This article was first published in 2002.
The stockie intercooler fitted to a turbocar is usually fairly average. When you force a few extra psi boost through the standard unit, its heat-exchange and airflow performance are often quite severely reduced. Not surprisingly, therefore, an upgrade aftermarket intercooler is required in all truly serious power-ups. Furthermore, an upgrade intercooler should be an even higher priority for 'grey' Japanese-import vehicles; running an engine designed for 100RON fuel on only 98RON (or less) is a formula for engine-destroying detonation. Keeping a lid on intake air temps is an effective way to combat detonation.
In this story we look into the gains of fitting an aftermarket intercooler on a lightly tuned Nissan 180SX Turbo...
The Demo Car
This particular SR20DET 5-speed 180SX arrived at Adelaide's RPM Performance Centre equipped with just a HKS pod air filter and a 3-inch turbo-back exhaust system. On the rollers of RPM's Dyno Dynamics chassis dyno the car produced a reasonably repeatable 138kW at the back wheels.
The 138kW peak power figure was achieved with absolutely no boost mods and with a maximum manifold pressure of 9 psi. Oh, and - on the dyno - we measured the intake air temperature immediately before the throttle and saw a maximum 41.8 degrees Celsius (with
an ambient temperature of around 20 degrees Celsius).
Fitting the New 'Cooler
The front-mount intercooler kit being fitted here suits SR20DET powered S13 180SXs and Silvias and is a development of RPM Performance Centre (also being sold by www.horsepowerinabox.com). For AUD$1895 (supply only) you receive a Garrett bar-and-plate core with mounts and all necessary plumbing and hoses. The new core measures some 450mm x 305 x 90mm and contains dense offset turbulators for maximum cooling efficiency. Tim from RPM tells us he's used this core on a full-house CA18DET making 270kW at the wheels, so it's obviously quite capable.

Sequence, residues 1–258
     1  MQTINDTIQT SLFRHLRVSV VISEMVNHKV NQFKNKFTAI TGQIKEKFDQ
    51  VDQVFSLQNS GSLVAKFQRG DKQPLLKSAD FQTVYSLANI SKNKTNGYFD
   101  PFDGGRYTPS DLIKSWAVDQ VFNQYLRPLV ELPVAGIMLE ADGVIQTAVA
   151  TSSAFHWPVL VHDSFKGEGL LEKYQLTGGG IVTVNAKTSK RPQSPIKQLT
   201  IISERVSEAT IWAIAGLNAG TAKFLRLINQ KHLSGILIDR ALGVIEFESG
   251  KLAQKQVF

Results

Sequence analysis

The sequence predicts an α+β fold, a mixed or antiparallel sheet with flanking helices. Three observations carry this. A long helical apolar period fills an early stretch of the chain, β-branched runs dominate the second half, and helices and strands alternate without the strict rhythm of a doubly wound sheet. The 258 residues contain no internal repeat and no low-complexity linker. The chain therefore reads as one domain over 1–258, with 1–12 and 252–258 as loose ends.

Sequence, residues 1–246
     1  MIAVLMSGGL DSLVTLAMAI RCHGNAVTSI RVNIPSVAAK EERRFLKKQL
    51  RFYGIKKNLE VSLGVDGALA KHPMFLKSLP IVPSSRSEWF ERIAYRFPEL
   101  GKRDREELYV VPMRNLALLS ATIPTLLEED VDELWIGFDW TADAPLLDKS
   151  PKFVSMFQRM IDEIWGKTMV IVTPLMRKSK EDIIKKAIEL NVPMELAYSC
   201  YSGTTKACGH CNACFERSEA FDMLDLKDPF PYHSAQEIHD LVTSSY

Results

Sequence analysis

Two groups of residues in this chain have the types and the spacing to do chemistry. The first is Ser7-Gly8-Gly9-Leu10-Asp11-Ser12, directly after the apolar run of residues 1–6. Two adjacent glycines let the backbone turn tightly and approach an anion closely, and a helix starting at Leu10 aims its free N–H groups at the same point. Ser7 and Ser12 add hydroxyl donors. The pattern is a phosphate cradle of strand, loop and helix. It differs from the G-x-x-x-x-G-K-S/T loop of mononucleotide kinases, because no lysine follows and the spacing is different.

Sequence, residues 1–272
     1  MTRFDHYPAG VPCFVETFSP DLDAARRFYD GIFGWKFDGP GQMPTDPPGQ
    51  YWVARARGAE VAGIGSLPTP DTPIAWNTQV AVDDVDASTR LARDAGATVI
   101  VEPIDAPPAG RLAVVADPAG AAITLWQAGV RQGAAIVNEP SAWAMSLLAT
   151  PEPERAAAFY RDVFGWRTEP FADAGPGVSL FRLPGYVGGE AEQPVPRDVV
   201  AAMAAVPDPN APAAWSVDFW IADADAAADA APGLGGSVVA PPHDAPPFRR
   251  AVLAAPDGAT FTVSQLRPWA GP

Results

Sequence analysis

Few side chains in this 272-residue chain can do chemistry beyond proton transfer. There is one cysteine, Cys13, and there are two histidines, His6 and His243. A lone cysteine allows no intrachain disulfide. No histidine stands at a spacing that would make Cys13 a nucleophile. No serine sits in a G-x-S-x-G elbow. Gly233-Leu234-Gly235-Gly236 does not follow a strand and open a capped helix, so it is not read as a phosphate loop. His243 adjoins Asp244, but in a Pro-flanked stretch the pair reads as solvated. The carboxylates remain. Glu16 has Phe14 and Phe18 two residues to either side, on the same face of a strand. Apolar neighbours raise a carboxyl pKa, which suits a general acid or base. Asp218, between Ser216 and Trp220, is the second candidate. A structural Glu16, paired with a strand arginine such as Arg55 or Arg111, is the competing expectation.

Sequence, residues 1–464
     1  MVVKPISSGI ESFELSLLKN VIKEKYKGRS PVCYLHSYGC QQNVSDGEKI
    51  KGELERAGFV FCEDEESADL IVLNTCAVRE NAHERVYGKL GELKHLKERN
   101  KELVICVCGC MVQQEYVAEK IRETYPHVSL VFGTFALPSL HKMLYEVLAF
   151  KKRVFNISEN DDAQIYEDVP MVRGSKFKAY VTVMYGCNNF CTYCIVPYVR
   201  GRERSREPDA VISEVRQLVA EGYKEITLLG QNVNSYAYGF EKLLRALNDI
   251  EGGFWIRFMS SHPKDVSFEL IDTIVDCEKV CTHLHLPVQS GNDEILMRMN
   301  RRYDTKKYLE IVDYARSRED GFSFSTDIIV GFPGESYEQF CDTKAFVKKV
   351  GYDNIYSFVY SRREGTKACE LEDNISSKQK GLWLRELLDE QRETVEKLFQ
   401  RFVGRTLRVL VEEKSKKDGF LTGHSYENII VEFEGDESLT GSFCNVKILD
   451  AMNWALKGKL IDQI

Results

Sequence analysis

The first task is to remove all of the factory intercooler pipes found between the standard intercooler and the throttle, plus the pipe that passes through the guard between the turbo and 'cooler. Oh, and don't forget to stuff a rag inside the open pipes - this prevents foreign particles getting inside the engine.
Next, the front of the car needs to be jacked up and secured on chassis stands. The guard liner retainers are then removed, which allows access to undo the bolts securing the bumper to the body. Once the bumper bolts and indicator wiring connectors are removed, the entire front bumper assembly can be slid out.
Now - with much easier frontal access - the standard intercooler, blow-off valve and entry/exit pipe assembly can be removed from the vehicle. As seen here, the factory 180SX intercooler is particularly small, measuring just 170 x 222 x 60mm. Its inlet and outlet fittings have a 47mm internal diameter.
The replacement intercooler gobbles pretty well the entire nose cone cavity. To support the 'cooler's weight, a metal mounting strip is attached to a pair of threaded fittings welded onto the top and bottom of the core - these connect to the vertical support for the bonnet latch and the lower radiator support panel respectively.
Once the big 'cooler is mounted, it's time to hook up the plumbing.
Interestingly, the RPM kit retains the first section of factory plumbing out of the turbo compressor, but replaces the pipe into the 'cooler and from the 'cooler into the engine. The pipe leading into the 'cooler (and the 'cooler fittings themselves) are normally 54mm ID, but - in this particular kit - they were the standard 47mm diameter. Note that all of the pipes have a rolled lip to prevent hoses popping off under high boost.